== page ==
The Princess of Wales' team teased there's "lots more to come in 2024!"
The Royal Foundation Centre for Early Childhood shared a video on Instagram this week celebrating one year of Shaping Us, the campaign that the Princess of Wales launched in Jan. 2023 to further highlight the importance of the early years of a person's life.
"What a year it’s been since the launch of #ShapingUs!" the Royal Foundation Centre for Early Childhood captioned their post. "Our campaign highlights the unique importance of early childhood. From pregnancy to the age of five, our brains develop faster than at any other time in our lives. Our experiences, surroundings, and relationships at that very young age, shape the adults we become and the society we create together."
The video featured clips of Princess Kate, 42, during many of the engagements she undertook in the past 12 months tied to Shaping Us. Her work took her everywhere from the classroom with youngsters to the rugby field, when she visited the Maidenhead Rugby Club in June to speak with men about the impact of male caregivers and sports on children. Snippets also showed her at a portage session, where the royal got on the floor to play with special needs children, and the Shaping Us National Symposium at the Design Museum in central London in November, where Kate delivered the keynote speech to experts in the field.
The post was voiced over with Princess Kate's speech from the symposium.
"People often ask me why I focus my time on early childhood. Well, the answer is because I care deeply about making a positive difference in helping the most vulnerable and supporting those who are most in need," she said.
The speech picks up, "Because if we can create a society which sees the child in every adult and the adult within every child, we will finally start to change it for the better."
The Royal Foundation Centre for Early Childhood teased in their caption, "Lots more to come in 2024!"
Princess Kate is continuing her recovery from her Jan. 16 surgery at home in Windsor after being discharged from the hospital this week.
“The Princess of Wales has returned home to Windsor to continue her recovery from surgery. She is making good progress," Kensington Palace said in a statement on Monday. “The Prince and Princess wish to say a huge thank you to the entire team at The London Clinic, especially the dedicated nursing staff, for the care they have provided.
“The Wales family continues to be grateful for the well wishes they have received from around the world," the statement read.
Kensington Palace announced on Jan. 17 that Princess Kate underwent a "planned abdominal surgery" at The London Clinic the previous day.
"The surgery was successful, and it is expected that she will remain in hospital for 10 to 14 days, before returning home to continue her recovery," the statement said. "Based on the current medical advice, she is unlikely to return to public duties until after Easter."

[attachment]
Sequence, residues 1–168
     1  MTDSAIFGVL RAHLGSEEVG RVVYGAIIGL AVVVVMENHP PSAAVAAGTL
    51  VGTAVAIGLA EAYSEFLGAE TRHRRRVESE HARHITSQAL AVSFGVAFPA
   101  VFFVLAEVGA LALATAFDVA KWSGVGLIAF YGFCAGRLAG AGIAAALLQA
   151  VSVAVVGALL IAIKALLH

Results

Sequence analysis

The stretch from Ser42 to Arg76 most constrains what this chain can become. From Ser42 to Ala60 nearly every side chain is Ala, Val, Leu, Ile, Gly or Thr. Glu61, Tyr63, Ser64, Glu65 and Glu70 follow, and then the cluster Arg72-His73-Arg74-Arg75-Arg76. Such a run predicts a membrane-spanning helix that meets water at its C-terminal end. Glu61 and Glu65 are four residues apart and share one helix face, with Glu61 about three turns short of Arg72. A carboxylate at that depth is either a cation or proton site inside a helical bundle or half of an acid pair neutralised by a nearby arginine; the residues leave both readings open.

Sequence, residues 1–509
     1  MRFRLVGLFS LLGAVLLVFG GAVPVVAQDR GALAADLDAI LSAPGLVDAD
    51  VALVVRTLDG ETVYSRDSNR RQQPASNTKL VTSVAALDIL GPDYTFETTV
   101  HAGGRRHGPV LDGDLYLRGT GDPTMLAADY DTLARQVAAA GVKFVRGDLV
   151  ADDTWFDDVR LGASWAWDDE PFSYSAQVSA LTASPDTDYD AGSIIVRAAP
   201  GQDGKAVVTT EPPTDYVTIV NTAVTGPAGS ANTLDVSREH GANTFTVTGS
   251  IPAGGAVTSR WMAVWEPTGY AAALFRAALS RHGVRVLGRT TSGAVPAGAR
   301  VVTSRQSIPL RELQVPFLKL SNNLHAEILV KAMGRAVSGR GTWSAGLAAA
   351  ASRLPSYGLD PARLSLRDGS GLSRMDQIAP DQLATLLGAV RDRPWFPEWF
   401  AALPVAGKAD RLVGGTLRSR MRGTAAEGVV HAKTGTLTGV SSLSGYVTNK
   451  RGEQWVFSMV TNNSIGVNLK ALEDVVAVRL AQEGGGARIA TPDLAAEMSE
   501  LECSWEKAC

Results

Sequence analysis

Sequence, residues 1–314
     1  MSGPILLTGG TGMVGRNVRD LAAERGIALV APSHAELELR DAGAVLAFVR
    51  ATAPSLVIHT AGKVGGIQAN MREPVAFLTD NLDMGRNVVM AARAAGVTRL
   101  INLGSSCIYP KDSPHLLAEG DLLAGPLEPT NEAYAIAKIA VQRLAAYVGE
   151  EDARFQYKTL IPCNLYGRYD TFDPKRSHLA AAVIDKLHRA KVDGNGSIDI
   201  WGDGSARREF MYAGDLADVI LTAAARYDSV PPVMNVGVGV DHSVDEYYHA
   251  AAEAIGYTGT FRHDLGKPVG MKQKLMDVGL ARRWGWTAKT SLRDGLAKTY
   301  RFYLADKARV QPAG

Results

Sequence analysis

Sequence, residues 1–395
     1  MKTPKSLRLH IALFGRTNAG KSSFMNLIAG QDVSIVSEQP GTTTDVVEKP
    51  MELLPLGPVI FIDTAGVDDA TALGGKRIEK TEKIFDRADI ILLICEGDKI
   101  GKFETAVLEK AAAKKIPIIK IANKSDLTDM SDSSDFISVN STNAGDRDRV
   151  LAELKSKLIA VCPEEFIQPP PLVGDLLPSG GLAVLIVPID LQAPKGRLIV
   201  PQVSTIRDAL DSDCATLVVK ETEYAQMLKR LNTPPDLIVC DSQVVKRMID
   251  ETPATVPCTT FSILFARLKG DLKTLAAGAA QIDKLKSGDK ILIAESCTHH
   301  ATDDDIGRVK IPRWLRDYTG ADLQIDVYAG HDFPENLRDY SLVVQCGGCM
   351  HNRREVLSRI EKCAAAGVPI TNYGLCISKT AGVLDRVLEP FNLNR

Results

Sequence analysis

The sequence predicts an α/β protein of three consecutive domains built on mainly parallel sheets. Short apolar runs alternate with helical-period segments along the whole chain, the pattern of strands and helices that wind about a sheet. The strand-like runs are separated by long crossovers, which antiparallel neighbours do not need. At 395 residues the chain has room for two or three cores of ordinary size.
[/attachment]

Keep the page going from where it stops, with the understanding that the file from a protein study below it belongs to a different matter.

"The Princess of Wales appreciates the interest this statement will generate. She hopes that the public will understand her desire to maintain as much normality for her children as possible; and her wish that her personal medical information remains private," the statement continued. "Kensington Palace will, therefore, only provide updates on Her Royal Highness’ progress when there is significant new information to share."
"The Princess of Wales wishes to apologize to all those concerned for the fact that she has to postpone her upcoming engagements. She looks forward to reinstating as many as possible, as soon as possible," they added.
PEOPLE understands that the issue was non-cancerous and that Prince William, 41, postponed public duties to support his wife during her recovery as well as take care of their children, Prince George, Princess Charlotte and Prince Louis. He did not undertake official duties while Princess Kate was in the hospital and is not expected to during the early days of her home recovery.
A source close to the royal household exclusively tells PEOPLE that it's "sensible" for Princess Kate to take the necessary recovery time before returning to public duty.
"That is a great example to the rest of us, as you’re often told to get back to work as soon as possible, which can be damaging. It is good for all of us to see her taking the time, recovering properly and then coming back," the source says. "We can all learn from that."
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While the source says the issue "does sound serious," they expect her to "bounce back."
“It does sound serious with the length of time [she’s taking]. But she is in great hands and will have lots of care and support at home and is a fit young woman,” says the source. “I am sure she will bounce back.”
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